by Francesca Romana Pezzella and Hanne Krarup Christensen
Alteplase has been added to the WHO Model List of Essential Medicines as a result of World Stroke Organization 30 stroke experts task-force who applied the WHO for including it in the Model List of Essential Medicines.
Since 1977 World Health Organization (WHO) has been publishing every two years the Model List of Essential Medicines (EML), which consists of a list of medications considered the minimum medicine needs for a basic health-care system….” that satisfy the priority health care needs of the population.” The core EML contains the most efficacious, safe and cost-effective medicines for relevant conditions selected based on current and estimated future public health relevance, and potential for safe and cost-effective treatment; whereas the complimentary EML covers priority diseases that require special facilities, equipment, and/or training.
The alteplase entry in the EML represents a unique opportunity to improve treatment for stroke patients in Europe and worldwide:
- as countries frequently use the EML (to date more than 150) to help develop their own local lists of essential medicine, the presence of alteplase in the list it will facilitate registration and use (alteplase is not available in one-third of countries-LIMCs- worldwide)
- the presence of alteplase in the EML empowers patients right to equal access to stroke care
- UN –members states are encouraged to guarantee intravenous thrombolysis for free or develop sustainable co-payment model
In Europe, alteplase entry in the WHO EML is a compass to development and implementation of stroke care.
The socioeconomic impact of stroke is considerable, with an annual cost in Europe of up to €45bn. Moreover, there are significant variations in the quality of stroke care in Europe. Based on the ESO, ESMINT, EAN and SAFE survey, the estimated mean number of stroke units was 2.9 per million inhabitants (95% CI 2.3–3.6) and 1.5 per 1,000 annual incident strokes (95% CI 1.1-1.9), respectively. The average thrombolysis treatment rate was only 7.3% of incident ischaemic stroke patients (95% CI 5.4–9.1), and 1.9% for endovascular treatment (95% CI 1.3–2.5).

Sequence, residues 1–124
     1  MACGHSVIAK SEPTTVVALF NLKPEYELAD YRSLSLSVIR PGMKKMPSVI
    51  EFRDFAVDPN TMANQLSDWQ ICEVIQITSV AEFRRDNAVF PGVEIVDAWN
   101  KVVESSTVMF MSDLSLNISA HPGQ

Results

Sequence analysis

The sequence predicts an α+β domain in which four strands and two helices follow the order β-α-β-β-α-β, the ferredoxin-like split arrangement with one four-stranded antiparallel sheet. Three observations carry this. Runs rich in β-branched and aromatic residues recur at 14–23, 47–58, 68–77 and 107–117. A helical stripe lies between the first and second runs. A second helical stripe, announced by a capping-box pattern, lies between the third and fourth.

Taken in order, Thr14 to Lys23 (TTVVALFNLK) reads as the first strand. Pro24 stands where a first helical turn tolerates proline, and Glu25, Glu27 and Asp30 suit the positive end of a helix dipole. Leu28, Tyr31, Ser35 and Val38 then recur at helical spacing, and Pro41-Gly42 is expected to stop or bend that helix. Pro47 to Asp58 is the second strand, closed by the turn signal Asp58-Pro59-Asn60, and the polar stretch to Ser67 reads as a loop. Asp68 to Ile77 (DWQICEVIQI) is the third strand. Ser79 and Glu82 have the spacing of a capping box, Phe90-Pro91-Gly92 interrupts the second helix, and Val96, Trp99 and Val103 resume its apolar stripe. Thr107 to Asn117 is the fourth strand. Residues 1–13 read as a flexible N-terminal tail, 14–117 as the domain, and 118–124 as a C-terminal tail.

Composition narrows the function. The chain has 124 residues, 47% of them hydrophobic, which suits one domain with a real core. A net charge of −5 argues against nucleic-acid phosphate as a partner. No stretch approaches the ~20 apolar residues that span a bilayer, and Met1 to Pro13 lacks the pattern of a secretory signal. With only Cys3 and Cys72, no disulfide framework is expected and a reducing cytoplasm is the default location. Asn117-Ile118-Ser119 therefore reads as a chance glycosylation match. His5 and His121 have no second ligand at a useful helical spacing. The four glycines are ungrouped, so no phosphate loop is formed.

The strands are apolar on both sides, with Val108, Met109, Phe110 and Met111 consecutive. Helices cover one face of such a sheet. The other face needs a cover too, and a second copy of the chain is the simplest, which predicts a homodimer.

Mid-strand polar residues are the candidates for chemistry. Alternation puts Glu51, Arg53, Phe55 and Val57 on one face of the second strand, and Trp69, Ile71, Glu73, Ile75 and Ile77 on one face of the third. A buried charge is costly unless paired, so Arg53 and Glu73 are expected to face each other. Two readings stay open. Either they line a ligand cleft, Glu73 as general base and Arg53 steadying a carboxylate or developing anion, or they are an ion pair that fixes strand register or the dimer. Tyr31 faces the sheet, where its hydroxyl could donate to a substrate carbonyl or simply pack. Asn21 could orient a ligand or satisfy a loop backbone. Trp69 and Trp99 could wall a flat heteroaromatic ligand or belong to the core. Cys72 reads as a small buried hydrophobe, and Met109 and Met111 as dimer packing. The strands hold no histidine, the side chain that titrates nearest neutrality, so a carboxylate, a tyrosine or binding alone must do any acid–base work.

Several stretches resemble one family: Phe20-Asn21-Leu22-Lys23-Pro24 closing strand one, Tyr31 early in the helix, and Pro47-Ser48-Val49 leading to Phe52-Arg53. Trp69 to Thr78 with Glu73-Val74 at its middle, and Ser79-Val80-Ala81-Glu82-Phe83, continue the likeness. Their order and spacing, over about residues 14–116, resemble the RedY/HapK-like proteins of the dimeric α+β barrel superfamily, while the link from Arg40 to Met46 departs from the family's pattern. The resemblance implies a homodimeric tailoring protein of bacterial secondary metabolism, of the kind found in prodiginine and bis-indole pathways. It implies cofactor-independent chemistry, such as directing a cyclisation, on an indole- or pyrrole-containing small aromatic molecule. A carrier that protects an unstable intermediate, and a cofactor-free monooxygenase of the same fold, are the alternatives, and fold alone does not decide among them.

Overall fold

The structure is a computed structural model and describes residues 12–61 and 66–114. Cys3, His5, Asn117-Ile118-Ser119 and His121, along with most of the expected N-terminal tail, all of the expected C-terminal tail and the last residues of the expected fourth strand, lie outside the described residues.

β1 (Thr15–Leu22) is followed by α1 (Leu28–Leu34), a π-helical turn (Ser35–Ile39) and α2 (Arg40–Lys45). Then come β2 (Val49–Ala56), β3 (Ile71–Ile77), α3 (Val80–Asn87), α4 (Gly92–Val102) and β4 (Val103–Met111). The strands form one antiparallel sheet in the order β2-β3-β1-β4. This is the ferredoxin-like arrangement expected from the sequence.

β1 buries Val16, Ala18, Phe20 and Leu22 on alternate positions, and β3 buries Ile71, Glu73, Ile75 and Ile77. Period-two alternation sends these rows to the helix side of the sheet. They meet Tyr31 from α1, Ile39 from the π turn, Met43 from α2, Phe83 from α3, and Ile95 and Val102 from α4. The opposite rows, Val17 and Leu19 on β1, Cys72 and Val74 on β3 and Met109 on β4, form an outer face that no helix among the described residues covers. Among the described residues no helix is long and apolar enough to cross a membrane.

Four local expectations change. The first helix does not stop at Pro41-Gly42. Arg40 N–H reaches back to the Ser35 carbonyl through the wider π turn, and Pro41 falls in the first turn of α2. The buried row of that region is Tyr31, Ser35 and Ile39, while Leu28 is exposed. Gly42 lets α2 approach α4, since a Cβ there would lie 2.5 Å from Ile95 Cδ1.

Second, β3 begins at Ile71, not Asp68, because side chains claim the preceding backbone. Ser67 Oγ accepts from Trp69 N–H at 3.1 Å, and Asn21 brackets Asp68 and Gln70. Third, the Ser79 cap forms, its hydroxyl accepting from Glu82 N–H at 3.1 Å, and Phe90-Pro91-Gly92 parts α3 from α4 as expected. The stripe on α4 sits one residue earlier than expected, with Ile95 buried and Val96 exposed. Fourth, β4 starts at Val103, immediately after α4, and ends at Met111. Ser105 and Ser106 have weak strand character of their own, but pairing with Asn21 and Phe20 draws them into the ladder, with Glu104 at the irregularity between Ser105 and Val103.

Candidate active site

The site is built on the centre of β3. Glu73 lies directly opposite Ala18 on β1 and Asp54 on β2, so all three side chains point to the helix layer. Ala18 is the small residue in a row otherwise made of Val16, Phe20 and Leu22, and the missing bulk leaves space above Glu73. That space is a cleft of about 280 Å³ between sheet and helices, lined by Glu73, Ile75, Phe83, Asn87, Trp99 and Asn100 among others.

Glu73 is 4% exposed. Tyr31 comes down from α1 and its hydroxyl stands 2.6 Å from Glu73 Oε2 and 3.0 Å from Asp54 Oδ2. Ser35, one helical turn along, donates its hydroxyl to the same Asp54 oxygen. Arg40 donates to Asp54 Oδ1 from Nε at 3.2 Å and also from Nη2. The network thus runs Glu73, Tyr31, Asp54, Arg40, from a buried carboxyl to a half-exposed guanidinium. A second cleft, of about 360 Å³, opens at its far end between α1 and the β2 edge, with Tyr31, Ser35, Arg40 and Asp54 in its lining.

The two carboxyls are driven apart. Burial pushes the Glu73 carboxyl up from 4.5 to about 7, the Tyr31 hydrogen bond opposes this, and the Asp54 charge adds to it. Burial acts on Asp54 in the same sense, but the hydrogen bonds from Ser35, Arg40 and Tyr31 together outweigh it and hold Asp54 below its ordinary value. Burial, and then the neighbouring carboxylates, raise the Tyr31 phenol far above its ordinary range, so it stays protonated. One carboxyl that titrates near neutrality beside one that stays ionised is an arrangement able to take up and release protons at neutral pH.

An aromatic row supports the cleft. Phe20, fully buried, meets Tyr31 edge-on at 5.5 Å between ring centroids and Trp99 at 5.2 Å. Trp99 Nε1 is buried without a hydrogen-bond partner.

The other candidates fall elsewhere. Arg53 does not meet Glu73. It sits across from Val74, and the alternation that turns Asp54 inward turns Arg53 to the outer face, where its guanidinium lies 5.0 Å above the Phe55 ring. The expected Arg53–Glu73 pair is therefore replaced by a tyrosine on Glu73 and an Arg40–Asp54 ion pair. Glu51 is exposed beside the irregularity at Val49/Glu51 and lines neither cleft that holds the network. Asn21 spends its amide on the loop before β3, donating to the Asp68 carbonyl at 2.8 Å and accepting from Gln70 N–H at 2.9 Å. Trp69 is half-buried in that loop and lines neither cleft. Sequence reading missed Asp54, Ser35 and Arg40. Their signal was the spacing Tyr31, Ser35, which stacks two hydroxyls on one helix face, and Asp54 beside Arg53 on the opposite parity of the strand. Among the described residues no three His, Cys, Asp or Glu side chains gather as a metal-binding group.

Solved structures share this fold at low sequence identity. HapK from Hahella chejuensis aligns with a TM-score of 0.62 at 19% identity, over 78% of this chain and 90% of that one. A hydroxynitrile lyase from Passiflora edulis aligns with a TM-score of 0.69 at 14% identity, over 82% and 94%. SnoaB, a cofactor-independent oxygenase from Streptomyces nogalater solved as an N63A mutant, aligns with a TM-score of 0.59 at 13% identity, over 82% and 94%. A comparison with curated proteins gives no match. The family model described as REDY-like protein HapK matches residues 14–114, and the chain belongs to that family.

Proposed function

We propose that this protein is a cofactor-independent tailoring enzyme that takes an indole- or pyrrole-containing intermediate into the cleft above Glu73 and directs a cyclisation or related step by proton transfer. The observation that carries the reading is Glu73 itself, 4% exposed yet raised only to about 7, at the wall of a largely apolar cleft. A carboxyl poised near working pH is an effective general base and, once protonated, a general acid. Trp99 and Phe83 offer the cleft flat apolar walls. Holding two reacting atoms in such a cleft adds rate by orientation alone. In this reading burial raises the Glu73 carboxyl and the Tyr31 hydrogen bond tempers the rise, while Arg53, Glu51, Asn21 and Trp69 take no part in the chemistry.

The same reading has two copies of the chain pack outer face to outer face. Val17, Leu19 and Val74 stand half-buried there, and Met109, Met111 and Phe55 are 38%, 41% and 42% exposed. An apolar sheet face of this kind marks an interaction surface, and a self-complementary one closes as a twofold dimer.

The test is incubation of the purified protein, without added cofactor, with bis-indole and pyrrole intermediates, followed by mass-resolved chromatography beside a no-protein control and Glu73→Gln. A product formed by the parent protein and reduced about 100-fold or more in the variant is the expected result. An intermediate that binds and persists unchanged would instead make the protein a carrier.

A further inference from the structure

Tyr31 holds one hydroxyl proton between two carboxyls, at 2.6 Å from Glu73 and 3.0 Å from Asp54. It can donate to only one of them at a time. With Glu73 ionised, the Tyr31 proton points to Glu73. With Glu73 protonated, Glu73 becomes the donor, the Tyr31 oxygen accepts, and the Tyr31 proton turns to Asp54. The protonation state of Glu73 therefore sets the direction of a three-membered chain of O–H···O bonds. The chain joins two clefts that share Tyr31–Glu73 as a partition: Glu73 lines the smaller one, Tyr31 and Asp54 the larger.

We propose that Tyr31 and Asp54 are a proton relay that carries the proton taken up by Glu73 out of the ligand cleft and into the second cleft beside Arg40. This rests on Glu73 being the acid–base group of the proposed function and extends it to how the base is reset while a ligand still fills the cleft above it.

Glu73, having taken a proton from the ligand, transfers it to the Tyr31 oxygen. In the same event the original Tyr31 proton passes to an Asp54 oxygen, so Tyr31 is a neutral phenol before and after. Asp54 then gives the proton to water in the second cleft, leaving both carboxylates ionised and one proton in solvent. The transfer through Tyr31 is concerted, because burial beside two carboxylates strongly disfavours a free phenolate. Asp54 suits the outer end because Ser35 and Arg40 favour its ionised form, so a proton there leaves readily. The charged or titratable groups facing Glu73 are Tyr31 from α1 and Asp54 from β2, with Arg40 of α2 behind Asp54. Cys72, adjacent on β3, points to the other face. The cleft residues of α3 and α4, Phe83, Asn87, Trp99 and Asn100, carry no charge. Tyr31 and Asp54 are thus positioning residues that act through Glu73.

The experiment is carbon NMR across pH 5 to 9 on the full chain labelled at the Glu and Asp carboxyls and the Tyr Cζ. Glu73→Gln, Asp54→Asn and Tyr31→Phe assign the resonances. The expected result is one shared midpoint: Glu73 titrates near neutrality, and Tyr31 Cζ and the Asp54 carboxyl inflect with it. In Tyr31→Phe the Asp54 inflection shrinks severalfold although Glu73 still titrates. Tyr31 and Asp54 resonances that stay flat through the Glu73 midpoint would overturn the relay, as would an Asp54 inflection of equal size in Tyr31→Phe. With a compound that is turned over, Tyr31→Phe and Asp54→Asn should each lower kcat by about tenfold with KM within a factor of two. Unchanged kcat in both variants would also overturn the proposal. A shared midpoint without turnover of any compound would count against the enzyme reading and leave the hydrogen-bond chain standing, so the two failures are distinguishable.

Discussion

However, countries with the highest rates reached proportions of treated patients of 20% and 6%, respectively.
In this framework Alteplase entry in the WHO EML empower the culture of stroke care in European countries and gives a new higher meaning to stroke advocacy and stroke professionals commitment to stroke victims and public health. The chain of stroke care encompasses prevention, acute treatment, stroke unit care, rehabilitation and life after stroke; entry of Alteplase into the WHO EML represents a strong support to this important part of the chain of care. The position of stroke has been strengthened through significant initiatives from the WHO: stroke has rightfully had its own single block under diseases of the nervous system in the ICD11. Further, in the Global NCD Action Plan Appendix 3, stroke units rehabilitation and thrombolysis are now mentioned as recommended treatments. This latest step is now including alteplase on the EML list as well as core drugs for stroke prevention.
As we all know, stroke is not cured by just giving the drug: giving alteplase requires organization and training. The EML is also to ensure implementation of such services to ensure safe and effective use of Alteplase in both high and low resource regions.
As other good news for the stroke community, the new EML also increases the options for stroke prevention: it now lists fixed-dose dual combinations of antihypertensives and the four direct oral anticoagulants (dabigatran, apixaban, edoxaban, and rivaroxaban) as essential medicines.
This strategic advance from WHO supports our professional struggle to set up structures ensuring the needed care for all patients with stroke. Through the professional knowledge within stroke organisations including ESO, we must in collaboration lift the level of care for future stroke patients in all settings.